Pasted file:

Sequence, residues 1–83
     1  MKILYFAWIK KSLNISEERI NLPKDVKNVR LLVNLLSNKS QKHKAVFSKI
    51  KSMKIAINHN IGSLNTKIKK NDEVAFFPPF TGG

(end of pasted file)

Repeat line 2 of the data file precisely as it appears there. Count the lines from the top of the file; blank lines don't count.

     1  MKILYFAWIK KSLNISEERI NLPKDVKNVR LLVNLLSNKS QKHKAVFSKI